My deep-rooted history with ESG

ESG is not a separate process – it is inherent in what good investing is all about. The best companies need to look after the environment, the communities they serve and their shareholders.

Large TV screens showing financial market charts
"Much of what we see today on the topic of ESG looks like "check the box activism", being reduced to a set of numbers or rankings that can make a tobacco company or an oil company look good on ESG measures."

I've had two distinct careers in my professional life. Starting out as a civil engineer, working on large-scale commercial projects across the country, I realised pretty quickly that this couldn't hold my interest. With some boredom setting in I went back to school and got a Master's degree in Environmental Engineering. Contaminated groundwater flow was a problem I had encountered several times before; now it was my specialty and I spent the next ten years remediating Superfund sites across America. I was responsible for designing the process and overseeing the clean-up of several environmental disasters. The E in ESG is something I have deep experience in.

As a kid growing up in a textile mill town, I remember the excitement around the arrival of a major chain retailer known for low prices. Several years later the excitement was gone and so was main street. I witnessed at close range my hometown nearly wiped off the map by corporations that acted in a less than socially conscious way. ESG is something we get. If you are polluting a river, destroying small towns, and treating employees or shareholders poorly we will know it, and it will carry significant importance in how we choose our investments and how we engage with management.

Much of what we see today on the topic of ESG looks like "check the box activism", being reduced to a set of numbers or rankings that can make a tobacco company or an oil company look good on ESG measures. That is what is known as greenwashing, and we believe its use to be disingenuous. How a company performs on ESG has to do with how it interacts with and respects its stakeholders. If you addict your customers and harm their health you are not a good business on ESG metrics, in our view. Moreover, ESG factors involve the same degree of judgement as most other investment decisions. Rankings overlook a lot. For instance, a dual share class is fine, in the hands of a governance structure that treats its stakeholders the right way. Some companies that don't have dual share classes, in our experience, treat outside shareholders poorly, yet they might score higher simply because of their corporate structure. We repeat, ESG has everything to do with how a company interacts with and respects its stakeholders.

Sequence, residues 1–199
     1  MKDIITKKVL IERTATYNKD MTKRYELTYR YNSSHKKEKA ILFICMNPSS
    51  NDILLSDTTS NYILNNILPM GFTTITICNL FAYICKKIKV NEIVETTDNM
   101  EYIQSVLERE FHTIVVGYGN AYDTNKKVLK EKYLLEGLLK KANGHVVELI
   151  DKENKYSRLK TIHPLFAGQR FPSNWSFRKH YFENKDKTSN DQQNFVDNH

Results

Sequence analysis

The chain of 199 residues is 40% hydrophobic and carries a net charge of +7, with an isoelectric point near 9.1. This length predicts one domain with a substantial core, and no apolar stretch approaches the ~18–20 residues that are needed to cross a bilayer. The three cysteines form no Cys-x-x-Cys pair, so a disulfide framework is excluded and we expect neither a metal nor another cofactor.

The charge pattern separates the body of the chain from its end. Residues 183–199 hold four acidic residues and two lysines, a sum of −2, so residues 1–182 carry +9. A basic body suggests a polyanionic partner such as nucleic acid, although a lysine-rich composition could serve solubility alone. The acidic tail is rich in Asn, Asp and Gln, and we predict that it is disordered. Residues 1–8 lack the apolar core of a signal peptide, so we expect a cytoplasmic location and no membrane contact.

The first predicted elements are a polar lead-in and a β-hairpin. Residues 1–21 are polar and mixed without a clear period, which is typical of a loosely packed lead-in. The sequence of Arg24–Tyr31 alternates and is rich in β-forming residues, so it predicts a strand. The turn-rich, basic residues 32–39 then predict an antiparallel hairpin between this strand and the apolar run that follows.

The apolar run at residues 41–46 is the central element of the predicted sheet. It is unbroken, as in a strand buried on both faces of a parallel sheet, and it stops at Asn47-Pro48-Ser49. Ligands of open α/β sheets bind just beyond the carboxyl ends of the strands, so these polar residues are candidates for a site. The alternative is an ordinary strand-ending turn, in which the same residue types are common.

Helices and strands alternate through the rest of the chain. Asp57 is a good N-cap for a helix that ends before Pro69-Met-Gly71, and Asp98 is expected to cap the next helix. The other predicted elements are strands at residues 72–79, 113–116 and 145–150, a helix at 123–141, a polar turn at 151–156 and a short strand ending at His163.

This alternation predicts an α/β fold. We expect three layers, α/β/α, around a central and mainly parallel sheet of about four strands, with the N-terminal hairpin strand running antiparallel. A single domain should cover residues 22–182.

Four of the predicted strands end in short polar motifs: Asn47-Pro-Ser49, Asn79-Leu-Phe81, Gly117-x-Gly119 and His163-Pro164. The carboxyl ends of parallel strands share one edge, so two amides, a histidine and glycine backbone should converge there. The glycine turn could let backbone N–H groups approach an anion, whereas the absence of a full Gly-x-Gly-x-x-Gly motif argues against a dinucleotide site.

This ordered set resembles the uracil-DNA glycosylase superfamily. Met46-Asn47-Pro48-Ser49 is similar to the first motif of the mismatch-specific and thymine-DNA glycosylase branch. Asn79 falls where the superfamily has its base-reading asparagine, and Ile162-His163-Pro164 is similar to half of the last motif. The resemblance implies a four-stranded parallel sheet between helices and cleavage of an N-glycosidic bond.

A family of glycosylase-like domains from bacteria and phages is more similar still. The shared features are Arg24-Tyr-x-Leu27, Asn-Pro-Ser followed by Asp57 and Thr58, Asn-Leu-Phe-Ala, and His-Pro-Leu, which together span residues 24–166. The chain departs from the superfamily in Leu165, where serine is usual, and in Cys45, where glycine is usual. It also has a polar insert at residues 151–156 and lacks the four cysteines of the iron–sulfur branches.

ESG is not a separate process – it is inherent in what good investing is all about. The best companies can't win without the environment, the communities they serve, and their shareholders having to lose. Those are the investments we look for. We implement ESG principles in an independent minded, forward looking, and fully integrated way. These are foundational issues for any comprehensive business analysis. To believe otherwise leaves us wondering about how comprehensive the rest of the analysis is. Our decades of experience shows us that our approach is, and has been, the right way to approach these issues, and the world will move towards us as time unfolds.

Our Global Focus approach to ESG

  • Like all active investment criteria, ESG considerations require judgments about the future.
  • Our judgments about ESG help us get the correct answers to the three questions which underpin our investment process:
    • Is the business worth owning…ever?
    • At what price?
    • Is the management team working for shareholders?
  • As with everything we do, our approach to ESG is independent and forward-looking.
  • ESG is fully integrated into the investment process and is inherent in what we do.

How ESG ratings providers get it wrong

  • Providers use one-size-fits-all analysis to produce quantification of ESG-friendliness.
  • Ratings capture what has happened in the past, not how sustainable a business is in the future.
  • Evaluating ESG factors should not be a standalone exercise.

More information

To learn more about Randy’s investment process and the portfolio he manages, please visit invesco.co.uk/globalfocus

Investment risks

The value of investments and any income will fluctuate (this may partly be the result of exchange-rate fluctuations) and investors may not get back the full amount invested.

Important information

This article is for Professional Clients only and is not for consumer use.

Where individuals or the business have expressed opinions, they are based on current market conditions, they may differ from those of other investment professionals and are subject to change without notice.

This document is marketing material and is not intended as a recommendation to invest in any particular asset class, security or strategy. Regulatory requirements that require impartiality of investment/investment strategy recommendations are therefore not applicable nor are any prohibitions to trade before publication. The information provided is for illustrative purposes only, it should not be relied upon as recommendations to buy or sell securities.

Issued by Invesco Asset Management Limited, Perpetual Park, Perpetual Park Drive, Henley-on-Thames, Oxfordshire RG9 1HH, UK. Authorised and regulated by the Financial Conduct Authority.